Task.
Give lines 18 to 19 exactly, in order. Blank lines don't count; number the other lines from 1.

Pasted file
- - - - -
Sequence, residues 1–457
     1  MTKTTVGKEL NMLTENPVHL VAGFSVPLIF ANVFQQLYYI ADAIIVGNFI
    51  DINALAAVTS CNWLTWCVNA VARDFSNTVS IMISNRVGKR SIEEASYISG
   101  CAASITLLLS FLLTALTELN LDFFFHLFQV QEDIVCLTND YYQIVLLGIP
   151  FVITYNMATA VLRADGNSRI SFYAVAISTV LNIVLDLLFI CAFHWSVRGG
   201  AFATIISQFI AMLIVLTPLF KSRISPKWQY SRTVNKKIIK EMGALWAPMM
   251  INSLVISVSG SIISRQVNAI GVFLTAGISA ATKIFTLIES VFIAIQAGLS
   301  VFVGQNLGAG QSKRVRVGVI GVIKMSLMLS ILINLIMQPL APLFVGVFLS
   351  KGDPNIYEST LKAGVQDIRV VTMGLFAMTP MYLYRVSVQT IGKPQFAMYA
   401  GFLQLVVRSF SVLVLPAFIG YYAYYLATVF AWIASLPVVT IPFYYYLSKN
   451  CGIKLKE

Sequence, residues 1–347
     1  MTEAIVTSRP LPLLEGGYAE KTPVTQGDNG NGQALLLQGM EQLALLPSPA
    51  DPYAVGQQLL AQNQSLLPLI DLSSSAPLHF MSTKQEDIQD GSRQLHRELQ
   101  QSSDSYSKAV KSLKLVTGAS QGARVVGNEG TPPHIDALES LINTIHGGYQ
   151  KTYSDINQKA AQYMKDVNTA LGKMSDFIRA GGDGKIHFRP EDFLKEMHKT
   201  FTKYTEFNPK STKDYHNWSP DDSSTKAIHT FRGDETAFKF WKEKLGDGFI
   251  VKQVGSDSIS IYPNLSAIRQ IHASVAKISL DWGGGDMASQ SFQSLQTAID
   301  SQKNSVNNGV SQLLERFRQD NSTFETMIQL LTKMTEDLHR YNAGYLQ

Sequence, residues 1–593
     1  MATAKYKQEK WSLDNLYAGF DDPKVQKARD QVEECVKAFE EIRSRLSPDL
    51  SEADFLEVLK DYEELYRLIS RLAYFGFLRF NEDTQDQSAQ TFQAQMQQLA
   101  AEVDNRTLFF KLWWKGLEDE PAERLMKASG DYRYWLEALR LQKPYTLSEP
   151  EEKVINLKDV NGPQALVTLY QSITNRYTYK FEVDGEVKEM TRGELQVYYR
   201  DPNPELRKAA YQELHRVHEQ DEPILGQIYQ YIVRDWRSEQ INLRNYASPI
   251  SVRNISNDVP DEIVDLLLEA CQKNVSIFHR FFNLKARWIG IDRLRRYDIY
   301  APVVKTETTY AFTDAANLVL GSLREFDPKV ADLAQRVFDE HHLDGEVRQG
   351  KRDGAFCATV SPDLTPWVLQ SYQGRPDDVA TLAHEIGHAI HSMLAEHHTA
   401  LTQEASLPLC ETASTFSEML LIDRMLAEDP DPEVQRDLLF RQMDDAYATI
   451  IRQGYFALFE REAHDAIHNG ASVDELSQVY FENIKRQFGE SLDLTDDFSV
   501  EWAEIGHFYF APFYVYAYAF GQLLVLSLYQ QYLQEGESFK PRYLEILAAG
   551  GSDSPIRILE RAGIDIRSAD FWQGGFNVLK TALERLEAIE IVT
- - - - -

   251  VKQVGSDSIS IYPNLSAIRQ IHASVAKISL DWGGGDMASQ SFQSLQTAID
   301  SQKNSVNNGV SQLLERFRQD NSTFETMIQL LTKMTEDLHR YNAGYLQ